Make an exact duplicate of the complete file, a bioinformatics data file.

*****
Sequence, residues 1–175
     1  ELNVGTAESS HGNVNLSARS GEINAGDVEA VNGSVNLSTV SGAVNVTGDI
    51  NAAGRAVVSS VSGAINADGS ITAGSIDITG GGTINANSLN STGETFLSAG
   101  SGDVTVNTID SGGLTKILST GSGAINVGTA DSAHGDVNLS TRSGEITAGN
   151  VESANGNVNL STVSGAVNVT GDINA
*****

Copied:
Sequence, residues 1–175
     1  ELNVGTAESS HGNVNLSARS GEINAGDVEA VNGSVNLSTV SGAVNVTGDI
    51  NAAGRAVVSS VSGAINADGS ITAGSIDITG GGTINANSLN STGETFLSAG
   101  SGDVTVNTID SGGLTKILST GSGAINVGTA DSAHGDVNLS TRSGEITAGN
   151  VESANGNVNL STVSGAVNVT GDINA